In stories throughout the ages there is one motif that continually recurs—the journey into the woods to find the dark but life-giving secret within.

Cont >>

photo credit: Ignacio Martínez Egea


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Sales Training 2017 Outlook: Content, Access and Relevance

Editor’s Note: This is a guest post by Content Raven

Sales training is a $5 billion dollar industry, according to Sales Performance International and companies spend as much as $30,000 or more training individual sales reps.

We know that sales training is big business with big investments. In 2016, sales trainers realized that the high cost instructor-led training sessions that take sales teams out of the field and seat them in conference rooms was ineffective.  In its place sales trainers relied more on sales coaches and peer leaders,  social media and gamification.

The sales training outlook for 2017 includes many of the same initiatives that were introduced in 2016. However, in 2017 these sales training programs will be more fully implemented with greater participation levels from sales teams. As a result, sales trainers will see an increased return on investment in their overall training spend.  By switching away from costly events to one-on-one, or self-paced training labs, sales trainers will deliver far more instruction, offer much more in-depth knowledge and ultimately, have a greater impact on closed business.

Here are five key elements that will play a big role in sales training in 2017.

1. Content is (Still) King

Whether delivered via instructor-led training sessions or online, in 2017 content will still be king. Sales trainers must provide good, high-quality, highly relevant content or risk the worst fate – being ignored by the sales team. In online sales training there is a greater need for short, engaging and easy-to-consume content delivered via secure, enterprise YouTube or a secure content delivery system.  In fact, in 2017 more sales training content will be needed than ever before, as sales reps have become increasingly adept at content consumption.Learning paths, which can turn sales reps into experts in the field, require in-depth information delivered in measured sections.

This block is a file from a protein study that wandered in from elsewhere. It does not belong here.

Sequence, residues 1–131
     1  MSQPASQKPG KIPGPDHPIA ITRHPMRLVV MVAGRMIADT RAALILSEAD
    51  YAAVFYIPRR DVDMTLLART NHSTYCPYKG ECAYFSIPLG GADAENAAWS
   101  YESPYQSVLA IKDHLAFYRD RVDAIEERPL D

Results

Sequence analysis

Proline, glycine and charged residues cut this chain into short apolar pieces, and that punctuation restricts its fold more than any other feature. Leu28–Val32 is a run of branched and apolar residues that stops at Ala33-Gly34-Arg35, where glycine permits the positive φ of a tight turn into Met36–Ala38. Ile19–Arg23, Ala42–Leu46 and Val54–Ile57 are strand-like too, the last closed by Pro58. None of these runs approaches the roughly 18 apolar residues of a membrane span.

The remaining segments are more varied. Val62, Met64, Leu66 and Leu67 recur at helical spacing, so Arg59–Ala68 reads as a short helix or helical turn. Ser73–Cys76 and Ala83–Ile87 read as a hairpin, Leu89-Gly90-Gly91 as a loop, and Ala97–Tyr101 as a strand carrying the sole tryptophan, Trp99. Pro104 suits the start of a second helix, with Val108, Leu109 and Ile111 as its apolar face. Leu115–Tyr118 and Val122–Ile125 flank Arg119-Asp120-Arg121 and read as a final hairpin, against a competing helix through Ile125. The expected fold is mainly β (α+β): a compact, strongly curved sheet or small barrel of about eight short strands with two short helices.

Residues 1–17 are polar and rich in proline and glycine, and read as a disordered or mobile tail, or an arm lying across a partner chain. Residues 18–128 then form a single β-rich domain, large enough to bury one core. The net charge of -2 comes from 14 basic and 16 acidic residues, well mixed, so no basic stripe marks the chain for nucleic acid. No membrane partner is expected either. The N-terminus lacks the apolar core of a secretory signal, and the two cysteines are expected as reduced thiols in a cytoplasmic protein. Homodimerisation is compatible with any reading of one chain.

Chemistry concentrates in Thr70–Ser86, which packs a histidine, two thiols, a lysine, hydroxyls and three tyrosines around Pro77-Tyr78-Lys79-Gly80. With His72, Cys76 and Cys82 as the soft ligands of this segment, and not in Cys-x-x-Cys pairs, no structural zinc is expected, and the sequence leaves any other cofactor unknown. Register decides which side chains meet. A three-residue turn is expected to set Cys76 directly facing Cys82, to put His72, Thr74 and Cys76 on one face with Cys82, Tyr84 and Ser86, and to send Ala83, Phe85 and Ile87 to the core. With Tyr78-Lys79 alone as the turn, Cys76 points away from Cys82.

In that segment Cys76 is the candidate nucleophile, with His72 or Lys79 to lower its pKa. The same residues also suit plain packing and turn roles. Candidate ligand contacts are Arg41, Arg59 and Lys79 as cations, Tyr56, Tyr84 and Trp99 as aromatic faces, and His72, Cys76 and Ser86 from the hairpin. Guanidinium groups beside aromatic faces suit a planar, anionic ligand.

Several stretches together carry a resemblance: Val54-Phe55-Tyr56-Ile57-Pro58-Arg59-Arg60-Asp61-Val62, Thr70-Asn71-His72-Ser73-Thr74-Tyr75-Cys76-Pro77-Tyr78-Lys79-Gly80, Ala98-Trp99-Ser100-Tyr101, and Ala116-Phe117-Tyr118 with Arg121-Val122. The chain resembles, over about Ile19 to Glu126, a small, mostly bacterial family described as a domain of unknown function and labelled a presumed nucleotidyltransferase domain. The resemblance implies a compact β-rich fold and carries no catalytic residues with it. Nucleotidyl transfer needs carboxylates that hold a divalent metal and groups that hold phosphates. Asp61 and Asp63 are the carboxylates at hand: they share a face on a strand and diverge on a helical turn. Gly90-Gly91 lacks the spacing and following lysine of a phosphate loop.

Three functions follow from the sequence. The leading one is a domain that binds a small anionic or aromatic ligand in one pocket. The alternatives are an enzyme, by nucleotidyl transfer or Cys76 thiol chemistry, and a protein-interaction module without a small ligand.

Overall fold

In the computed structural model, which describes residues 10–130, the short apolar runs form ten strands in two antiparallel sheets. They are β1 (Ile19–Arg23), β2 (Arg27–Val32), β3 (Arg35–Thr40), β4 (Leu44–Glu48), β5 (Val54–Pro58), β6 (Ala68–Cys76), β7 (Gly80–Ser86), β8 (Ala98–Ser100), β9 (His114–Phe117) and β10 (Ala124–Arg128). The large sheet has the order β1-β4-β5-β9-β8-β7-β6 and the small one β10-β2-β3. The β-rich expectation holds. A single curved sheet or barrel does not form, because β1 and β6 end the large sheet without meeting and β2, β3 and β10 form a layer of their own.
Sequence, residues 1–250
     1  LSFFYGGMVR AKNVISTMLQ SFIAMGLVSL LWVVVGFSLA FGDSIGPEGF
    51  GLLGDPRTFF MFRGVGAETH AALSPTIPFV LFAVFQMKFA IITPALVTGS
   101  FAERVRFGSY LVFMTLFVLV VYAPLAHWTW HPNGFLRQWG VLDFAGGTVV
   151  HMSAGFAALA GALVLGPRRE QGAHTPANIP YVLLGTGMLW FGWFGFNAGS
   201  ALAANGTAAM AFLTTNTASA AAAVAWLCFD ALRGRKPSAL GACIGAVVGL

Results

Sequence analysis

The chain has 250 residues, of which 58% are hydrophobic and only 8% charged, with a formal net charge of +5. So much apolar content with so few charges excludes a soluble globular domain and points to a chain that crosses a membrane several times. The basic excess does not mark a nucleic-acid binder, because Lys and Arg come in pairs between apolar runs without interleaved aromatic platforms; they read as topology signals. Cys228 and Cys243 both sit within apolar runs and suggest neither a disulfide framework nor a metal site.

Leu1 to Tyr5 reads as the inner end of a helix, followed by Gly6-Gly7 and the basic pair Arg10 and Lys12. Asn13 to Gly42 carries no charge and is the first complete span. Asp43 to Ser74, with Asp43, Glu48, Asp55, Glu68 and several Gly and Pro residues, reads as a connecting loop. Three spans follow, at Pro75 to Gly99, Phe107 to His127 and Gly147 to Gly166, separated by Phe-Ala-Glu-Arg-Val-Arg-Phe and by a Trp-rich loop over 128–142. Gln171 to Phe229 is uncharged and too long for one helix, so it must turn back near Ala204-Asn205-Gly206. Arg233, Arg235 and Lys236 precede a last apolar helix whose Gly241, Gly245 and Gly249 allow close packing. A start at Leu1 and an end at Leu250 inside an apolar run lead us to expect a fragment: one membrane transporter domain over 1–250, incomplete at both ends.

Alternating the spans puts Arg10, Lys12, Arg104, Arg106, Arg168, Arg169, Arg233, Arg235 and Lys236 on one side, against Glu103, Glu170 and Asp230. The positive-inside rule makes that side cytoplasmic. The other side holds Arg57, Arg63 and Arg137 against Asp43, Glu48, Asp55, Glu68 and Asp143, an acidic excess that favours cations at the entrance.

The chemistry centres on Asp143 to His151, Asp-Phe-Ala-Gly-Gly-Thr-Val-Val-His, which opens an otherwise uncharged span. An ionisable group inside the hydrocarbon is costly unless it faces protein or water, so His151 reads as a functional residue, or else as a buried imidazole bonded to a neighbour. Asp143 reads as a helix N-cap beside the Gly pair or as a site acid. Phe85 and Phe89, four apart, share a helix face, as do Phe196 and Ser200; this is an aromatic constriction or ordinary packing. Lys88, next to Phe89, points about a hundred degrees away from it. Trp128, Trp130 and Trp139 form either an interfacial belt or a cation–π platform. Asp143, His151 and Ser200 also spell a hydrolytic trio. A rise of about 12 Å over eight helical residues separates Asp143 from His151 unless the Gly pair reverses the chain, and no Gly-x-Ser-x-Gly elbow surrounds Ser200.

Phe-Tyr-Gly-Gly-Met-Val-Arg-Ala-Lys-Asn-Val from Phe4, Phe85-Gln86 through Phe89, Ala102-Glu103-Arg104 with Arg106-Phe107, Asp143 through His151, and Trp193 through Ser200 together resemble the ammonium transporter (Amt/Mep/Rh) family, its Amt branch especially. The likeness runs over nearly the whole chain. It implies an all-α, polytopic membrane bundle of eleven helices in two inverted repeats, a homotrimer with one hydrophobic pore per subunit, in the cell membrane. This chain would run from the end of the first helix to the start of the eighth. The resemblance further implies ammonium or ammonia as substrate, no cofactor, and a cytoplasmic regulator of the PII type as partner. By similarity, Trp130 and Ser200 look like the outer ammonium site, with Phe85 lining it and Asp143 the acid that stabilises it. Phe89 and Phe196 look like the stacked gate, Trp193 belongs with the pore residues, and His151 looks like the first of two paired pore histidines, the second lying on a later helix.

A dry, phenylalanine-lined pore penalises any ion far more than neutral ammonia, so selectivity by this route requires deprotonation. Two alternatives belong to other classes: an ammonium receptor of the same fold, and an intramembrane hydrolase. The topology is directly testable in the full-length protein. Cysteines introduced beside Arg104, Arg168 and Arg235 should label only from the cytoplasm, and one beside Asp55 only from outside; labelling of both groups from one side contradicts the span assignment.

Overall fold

2. Time is Money

Time is money is a cliche, but it is also true for many sales reps. As they rush from one sales meeting to the next a rep may have just five minutes to catch up on the latest product information or review a relevant industry success story. That is how  just-in-time situational sales training will turn five minutes into thousands of dollars worth of commission in 2017. We know that when reps can easily access short training videos and content right when they need it, they are more successful. They are also more likely to retain what they learn.

3. Accessibility Equals Capability

Of course it does no good if great content is available for just-in-time learning if it is not accessible. In 2017, sales trainers will put a bigger focus on making learning tools, content and video easily accessible via mobile apps with offline access. Offline accessibility is critical to reps who are unable to rely on high quality internet access, whether travelling internationally or driving through a dead spot.

4. Search and Discover

With accessibility a major theme in 2017, and content production at all time highs, it is no wonder that search will be a priority for sales trainers in 2017. In fact, a major theme for sales trainers this coming year will be“learning at the speed of search” which means making content easily discoverable via Amazon-like advanced search and filtering functions.

5. Strategic Direction

This will also be the year that sales trainers tightly align eLearning with strategic business goals, ensuring that appropriate content is promoted at the right time to helps reps sell solutions that fit within the company’s strategic priorities. In 2017 sales trainers will use eLearning tools like gamification and promotions to encourage sales reps to engage in  content that matters to corporate growth. 

Sales training in 2017 will be all about making it easy for sales reps to learn, use and retain knowledge.

photo credit: Kevin Jarrett


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5 Ways E-Learning Enables Effective Sales Training

Editor’s Note:  This is a guest post by Content Raven